Professor Terry Hughes is an Australian Research Council Federation Fellow (2002-2007, 2007-2012) and Director of the ARC Centre of Excellence for Coral Reef Studies (since 2005). Professor Hughes was elected a Fellow of the Australian Academy of Science in 2001, and was a member of the Expert Advisory Committee for Australian National Research Priorities in 2002. He is a Fellow and Board Member of the Beijer International Institute for Ecological Economics at the Royal Swedish Academy of Science, Stockholm, and a member of the Board of Directors of the Resilience Alliance. He has been awarded numerous prizes awards, including the Centenary Medal of Australia, the Silver Jubilee Award for Excellence of the Australian Marine Science Association in 2004, the 2007 Sherman Eureka Prize for Environmental Research, and the 2008 quadrennial Darwin Medal of the International Society for Coral Reef Studies. According to ISI Science Citation Index, Professor Hughes is ranked number one globally for citations to individual researchers in coral reef science. He has published 18 papers in Science and Nature. In the past 2-3 years, his research has increasingly evolved in a new direction, moving from an ecological focus to a broader evaluation of the linkages between coral reef ecosystems, the goods and services they provide to people, and the welfare of human societies.
David Mills (Adjunct Fellow)
Phone: +61 7 4781 6747
Starting his research career as crustacean ecologist at the Tasmanian Aquaculture and Fisheries Institute, in 2006 David took a leap into the world of fisheries and development. Based at WorldFish Center headquarters in Penang, Malaysia from 2006 until early 2011, he worked on diverse projects relating to fisheries information systems, governance, fisheries and food security, and aquaculture development. He has worked on projects in Indonesia, Vietnam, Philippines, Senegal, Nigeria, Ghana and Solomon Islands. David is a visiting scholar at the Centre, and has a degree in Marine, Freshwater and Antarctic Biology (1988 – 1992) and a PhD in fisheries ecology (2001-2005) from the University of Tasmania.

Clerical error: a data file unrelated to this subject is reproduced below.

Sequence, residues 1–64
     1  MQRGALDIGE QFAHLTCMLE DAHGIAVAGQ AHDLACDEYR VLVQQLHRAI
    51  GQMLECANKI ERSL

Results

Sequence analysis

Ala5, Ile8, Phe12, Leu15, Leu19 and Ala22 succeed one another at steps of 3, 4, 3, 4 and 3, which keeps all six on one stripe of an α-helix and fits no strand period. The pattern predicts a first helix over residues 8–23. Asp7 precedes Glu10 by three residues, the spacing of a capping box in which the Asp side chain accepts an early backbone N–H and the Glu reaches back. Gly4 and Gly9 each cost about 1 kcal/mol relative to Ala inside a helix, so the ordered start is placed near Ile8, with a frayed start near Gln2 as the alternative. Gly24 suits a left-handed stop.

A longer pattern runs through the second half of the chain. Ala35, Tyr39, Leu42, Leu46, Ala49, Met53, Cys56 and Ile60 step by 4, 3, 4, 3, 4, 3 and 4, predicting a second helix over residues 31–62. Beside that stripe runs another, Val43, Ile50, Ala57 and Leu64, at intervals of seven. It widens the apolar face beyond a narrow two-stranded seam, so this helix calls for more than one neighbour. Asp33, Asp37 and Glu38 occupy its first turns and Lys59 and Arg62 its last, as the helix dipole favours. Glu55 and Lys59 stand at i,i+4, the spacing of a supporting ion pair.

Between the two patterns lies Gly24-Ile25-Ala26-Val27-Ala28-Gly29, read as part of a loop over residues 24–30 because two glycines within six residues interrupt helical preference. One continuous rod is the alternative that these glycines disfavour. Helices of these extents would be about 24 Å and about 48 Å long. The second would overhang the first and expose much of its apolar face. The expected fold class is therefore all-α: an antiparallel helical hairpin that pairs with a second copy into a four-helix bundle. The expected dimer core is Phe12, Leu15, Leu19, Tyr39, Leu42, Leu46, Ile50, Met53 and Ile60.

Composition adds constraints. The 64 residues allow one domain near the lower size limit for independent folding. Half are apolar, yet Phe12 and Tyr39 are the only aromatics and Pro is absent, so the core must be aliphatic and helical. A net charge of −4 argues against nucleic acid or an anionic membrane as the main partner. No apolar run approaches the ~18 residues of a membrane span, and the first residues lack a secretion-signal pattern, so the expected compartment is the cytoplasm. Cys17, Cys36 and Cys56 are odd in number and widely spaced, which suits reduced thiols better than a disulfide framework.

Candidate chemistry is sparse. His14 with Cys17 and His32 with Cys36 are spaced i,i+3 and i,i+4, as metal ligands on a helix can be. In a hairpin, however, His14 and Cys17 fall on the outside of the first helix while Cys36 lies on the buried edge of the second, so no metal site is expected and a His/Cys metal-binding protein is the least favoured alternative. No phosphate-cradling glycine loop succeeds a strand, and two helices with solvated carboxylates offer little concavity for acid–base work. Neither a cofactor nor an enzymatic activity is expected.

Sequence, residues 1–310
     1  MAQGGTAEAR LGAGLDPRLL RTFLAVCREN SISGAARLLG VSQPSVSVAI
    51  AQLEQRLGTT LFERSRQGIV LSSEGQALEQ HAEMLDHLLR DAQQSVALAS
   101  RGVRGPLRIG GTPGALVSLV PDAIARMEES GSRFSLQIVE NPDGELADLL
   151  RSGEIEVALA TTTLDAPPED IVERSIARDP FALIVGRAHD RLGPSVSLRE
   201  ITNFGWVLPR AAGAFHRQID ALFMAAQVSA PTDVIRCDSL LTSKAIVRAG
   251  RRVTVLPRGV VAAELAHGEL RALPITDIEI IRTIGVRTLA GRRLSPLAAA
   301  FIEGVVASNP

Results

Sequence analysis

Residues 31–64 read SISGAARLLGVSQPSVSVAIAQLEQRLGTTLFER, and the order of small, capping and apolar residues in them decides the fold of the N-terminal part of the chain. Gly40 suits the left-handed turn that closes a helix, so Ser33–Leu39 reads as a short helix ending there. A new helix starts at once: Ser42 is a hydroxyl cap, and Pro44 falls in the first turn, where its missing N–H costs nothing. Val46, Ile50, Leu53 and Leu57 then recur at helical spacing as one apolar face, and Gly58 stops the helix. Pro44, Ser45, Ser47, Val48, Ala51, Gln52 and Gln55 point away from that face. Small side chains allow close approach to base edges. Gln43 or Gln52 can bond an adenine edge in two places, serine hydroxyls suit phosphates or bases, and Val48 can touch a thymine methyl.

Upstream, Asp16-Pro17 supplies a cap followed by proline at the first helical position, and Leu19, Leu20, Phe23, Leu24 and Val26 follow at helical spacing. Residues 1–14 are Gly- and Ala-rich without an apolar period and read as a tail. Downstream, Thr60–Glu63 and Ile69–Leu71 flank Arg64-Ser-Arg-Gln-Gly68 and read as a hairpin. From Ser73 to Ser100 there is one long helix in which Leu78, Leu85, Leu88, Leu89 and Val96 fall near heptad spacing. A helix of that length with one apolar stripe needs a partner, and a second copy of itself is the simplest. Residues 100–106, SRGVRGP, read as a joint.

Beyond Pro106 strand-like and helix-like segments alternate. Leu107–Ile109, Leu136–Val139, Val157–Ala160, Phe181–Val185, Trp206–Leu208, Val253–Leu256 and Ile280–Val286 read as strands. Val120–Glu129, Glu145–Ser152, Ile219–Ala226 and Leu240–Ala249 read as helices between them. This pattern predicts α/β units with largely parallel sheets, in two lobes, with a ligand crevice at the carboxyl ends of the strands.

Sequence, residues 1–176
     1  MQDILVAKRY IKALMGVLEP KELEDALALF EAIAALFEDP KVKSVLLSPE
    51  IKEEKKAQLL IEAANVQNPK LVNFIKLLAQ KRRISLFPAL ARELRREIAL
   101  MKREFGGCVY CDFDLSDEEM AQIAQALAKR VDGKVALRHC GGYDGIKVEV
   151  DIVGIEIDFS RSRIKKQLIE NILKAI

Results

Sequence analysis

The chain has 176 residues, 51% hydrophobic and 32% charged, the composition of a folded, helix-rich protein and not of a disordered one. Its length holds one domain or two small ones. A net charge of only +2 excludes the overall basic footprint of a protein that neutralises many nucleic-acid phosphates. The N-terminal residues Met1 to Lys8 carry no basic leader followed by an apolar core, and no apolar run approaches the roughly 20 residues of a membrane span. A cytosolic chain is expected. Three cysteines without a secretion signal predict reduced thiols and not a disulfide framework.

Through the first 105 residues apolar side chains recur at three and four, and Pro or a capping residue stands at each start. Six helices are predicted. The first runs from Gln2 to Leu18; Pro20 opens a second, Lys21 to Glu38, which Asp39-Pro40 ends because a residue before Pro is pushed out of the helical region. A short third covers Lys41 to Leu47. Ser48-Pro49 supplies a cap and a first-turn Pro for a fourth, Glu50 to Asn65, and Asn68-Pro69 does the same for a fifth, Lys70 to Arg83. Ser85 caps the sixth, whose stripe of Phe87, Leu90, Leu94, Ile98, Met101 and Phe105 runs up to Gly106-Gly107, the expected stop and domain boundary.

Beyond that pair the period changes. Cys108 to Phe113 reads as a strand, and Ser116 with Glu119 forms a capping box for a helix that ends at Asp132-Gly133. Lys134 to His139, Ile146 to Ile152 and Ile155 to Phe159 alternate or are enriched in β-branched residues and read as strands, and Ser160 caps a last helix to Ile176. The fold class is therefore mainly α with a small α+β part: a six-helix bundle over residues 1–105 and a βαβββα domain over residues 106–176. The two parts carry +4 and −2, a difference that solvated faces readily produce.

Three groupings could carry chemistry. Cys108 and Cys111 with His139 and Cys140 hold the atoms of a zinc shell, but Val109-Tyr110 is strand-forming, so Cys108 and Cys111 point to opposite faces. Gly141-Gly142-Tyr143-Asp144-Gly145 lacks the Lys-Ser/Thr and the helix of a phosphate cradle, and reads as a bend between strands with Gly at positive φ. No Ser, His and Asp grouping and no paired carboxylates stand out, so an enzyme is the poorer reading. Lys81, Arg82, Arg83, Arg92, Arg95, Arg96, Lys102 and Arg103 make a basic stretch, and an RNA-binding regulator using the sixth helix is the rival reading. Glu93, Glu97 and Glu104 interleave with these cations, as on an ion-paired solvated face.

Phone:+ 33 4 6866 2055
Georgina is from Tasmania, where she completed her BSc in Marine, Freshwater and Antarctic Science. Preferring tropical rather than Antarctic waters for diving, she headed north to do her Honours research in the Philippines, where she used bio-physical simulation modelling to explore potential reef futures under multiple management and climatic scenarios. Georgina’s experiences in the Philippines inspired her to pursue a PhD in understanding the human dimensions of marine resource management. Currently supervised by Bob Pressey, Natalie Ban, Josh Cinner and Nadine Marshall, her research focuses on how social factors can be incorporated into several stages of systematic conservation planning with two key aims. First, she is investigating how to explicitly integrate fisheries livelihood objectives into spatial prioritization procedures to enable MPA designs to be better aligned with the needs of local stakeholders. Second, to inform the selection of contextually appropriate conservation actions, she will explore the social impacts of MPA management, and the relative role of multiple-scale factors in influencing stakeholders’ engagement in collective MPA management.
Vera was majoring in Theatre Arts in high school on the slopes of Mt. Makiling, when she suddenly decided to become a Marine Biologist instead. She has a B.Sc. in Biology from the University of the Philippines (UP), and did an honours project on roundscads. An Erasmus Mundus Studentship made it possible for her to earn a joint M.Sc. degree in Water and Coastal Management from Universidad de Cadiz in Spain and University of Plymouth in the UK. Since then she focused on research and management of marine protected areas (MPAs). As a research assistant for various NGOs and the UP Marine Science Institute (MSI), she was able to see how rich her country is in terms of natural resources and how much it is also exploited because of high resource dependence. Vera is supervised by Prof. Bob Pressey, Dr. Simon Foale and Dr. Porfirio Aliño of the MSI. Her research aims to examine governance systems and processes that contribute to effective local government coordination and collaboration when scaling up to form MPA networks in the Philippines